Jon's Jottings: She’s still competitive at 111, pushing for a state recordWe all enjoy significant birthdays throughout our lives, and I’d like to acknowledge a special one in my family. My maternal grandmother, Ruth Kelly, celebrated the 111th anniversary of her birth on Sept. 20.
By: Jon Echternacht, Hudson Star-Observer
We all enjoy significant birthdays throughout our lives, and I’d like to acknowledge a special one in my family. My maternal grandmother, Ruth Kelly, celebrated the 111th anniversary of her birth on Sept. 20.
While such significant birthdays as 18, 21 30 and 50 are a dime a dozen these days, 111 is significant, even in Iowa, a state with, it seems, particularly extended longevity.
Grandma is running third place for the oldest Iowan. She trails two women. One is 113 and the other 112. We in the family know her as a pretty competitive woman and believe she will make it to the top before she’s done.
Just in case you think becoming the oldest person in Iowa is an easy task, here are some stats from the state’s department on aging.
As of Aug. 13, Iowa had 184 people (154 women and 30 men) age 100, and 189 (169 women, 20 men) age 101.
In fact, there are 721 people in the state 100 years and older, ranking Iowa second among the 50 states in percentage of total population that are centenarians, according to the department of elder affairs.
Grandma and the two ladies who are older are ranked in a special category called Super Centenarians for those 110 and older.
She has become somewhat of a celebrity at her nursing home. My youngest sister sent word from the staff before the big event that Grandma was very talkative telling everybody her birthday was coming up and how old she was going to be.
An assistant said she wished her a happy birthday that morning and asked her if there was anything she wanted. “A beer,” she said. What kind? “Hamms,” she replied.
The only trouble was that my two sisters and I didn’t consider the fact that Grandma still had a taste for barley pop, and Hamms is not easy to come by these days, especially on Sunday in small-town Iowa.
When she was 102 or 103, she wanted one candle for each year on her birthday cake. The activities director obliged and with an assistant she lit the candles and extinguished them before the sprinkler system went off. There was a marked increase in temperature in the room when all the candles were set ablaze.
When she was 105, she took her first motorcycle ride and made front-page news in the local weekly. A biker with a sidecar gave her a tour. Her only reaction was the trip “was too short.”
At 106 she got a longer motorcycle ride.
When you stop to think about the events that have happened in Grandma’s lifetime over three centuries, it is mind-boggling. She was alive when the first motor cars came on the scene and the first airplanes; she was eligible to go to the polls when women first got the vote; radio, TV, space ships and moon landings not to mention the more accelerated technological advances of the last few decades such as desk tops, laptops, hand-held computers, cell phones, text and twitter.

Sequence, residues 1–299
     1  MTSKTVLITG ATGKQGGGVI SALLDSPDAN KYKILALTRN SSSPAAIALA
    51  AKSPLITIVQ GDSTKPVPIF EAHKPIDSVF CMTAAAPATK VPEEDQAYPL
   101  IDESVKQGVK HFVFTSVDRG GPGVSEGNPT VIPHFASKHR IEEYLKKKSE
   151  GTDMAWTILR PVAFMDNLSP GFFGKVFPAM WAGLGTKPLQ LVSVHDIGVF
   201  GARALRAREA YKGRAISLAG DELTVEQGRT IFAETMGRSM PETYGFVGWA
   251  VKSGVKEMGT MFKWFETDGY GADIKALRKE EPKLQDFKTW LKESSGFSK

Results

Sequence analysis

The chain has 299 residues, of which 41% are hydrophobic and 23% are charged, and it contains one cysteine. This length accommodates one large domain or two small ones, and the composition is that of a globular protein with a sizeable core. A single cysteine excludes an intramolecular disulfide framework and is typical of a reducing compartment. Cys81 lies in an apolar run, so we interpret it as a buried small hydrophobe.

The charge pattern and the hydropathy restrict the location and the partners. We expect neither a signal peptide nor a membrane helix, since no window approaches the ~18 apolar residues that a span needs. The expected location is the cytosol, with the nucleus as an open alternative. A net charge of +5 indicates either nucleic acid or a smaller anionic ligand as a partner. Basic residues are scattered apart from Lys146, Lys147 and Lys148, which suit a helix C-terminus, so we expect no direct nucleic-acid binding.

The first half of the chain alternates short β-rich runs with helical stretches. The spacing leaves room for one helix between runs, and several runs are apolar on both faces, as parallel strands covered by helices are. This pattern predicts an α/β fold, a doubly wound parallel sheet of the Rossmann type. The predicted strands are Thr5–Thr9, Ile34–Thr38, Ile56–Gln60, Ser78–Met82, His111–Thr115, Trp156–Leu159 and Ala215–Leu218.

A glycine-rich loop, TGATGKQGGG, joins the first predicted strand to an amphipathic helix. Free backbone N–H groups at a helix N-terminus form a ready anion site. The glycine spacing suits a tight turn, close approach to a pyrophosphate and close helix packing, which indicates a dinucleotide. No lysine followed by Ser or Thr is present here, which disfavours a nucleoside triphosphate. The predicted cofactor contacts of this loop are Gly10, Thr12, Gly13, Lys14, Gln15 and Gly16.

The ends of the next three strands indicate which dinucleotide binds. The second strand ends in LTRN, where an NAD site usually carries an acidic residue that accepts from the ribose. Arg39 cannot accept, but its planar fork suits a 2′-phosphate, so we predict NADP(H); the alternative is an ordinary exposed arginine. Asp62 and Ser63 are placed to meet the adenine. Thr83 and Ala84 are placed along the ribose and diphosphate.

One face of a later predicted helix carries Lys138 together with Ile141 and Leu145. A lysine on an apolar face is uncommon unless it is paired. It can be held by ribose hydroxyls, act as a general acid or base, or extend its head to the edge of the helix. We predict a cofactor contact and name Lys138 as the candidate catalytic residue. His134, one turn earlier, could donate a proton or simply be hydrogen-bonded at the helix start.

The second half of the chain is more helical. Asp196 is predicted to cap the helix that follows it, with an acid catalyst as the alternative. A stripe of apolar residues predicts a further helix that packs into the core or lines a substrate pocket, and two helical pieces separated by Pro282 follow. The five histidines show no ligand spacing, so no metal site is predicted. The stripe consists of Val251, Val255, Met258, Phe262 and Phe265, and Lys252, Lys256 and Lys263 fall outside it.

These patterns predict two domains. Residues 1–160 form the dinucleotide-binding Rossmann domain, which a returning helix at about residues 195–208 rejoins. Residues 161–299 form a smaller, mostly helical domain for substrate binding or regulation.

She kept her subscription to the Des Moines Register into her late 90s until her eyes got too bad to read, even with a magnifying glass. She kept the paper and sold her TV in the nursing home with the declaration, “Nothing good is on it (TV) anymore.”
She told me once she had been reading the paper “since I was a little girl.” That’s a pretty loyal print media customer in my book.
Personally, I love it when I’m asked to fill out that little information sheet that all medical caregivers ask for. The ones you fill out while you are forced to wait for an indeterminate amount of time for your appointment that you were on time for. The part that asks about your family history: parents, living or dead, did they have cancer, heart failure, etc.
This is supposed to mean something about your own health, but I think it takes much more genetic research than an informal questionnaire. I enjoy very much adding an extra line in there that says, “Grandmother, 111 years old, good health.”
Good health at that age would qualify if you can breathe on your own, but Grandma has much more on the ball. Her eyesight is dim but her hearing hasn’t failed much.
She will break into song, old ones, with the second verses probably not heard by many living people.
She knows the lines to phrases long since shortened into modern versions. One in particular comes to mind she recited off the cuff one day, “Rings on her fingers and bells on her toes; and elephants to ride wherever she goes.”
With that kind of spirit, it’s hard to doubt her in the quest for the Iowa record, and we are all rooting for you, Grandma.
However, my middle sister thinks bigger things are on the horizon for Grandma. Shortly before our trip to Iowa, she e-mailed me a bulletin: “World’s oldest person died today at 115. Title now held by 114-year-old woman in Japan ……… stay tuned!”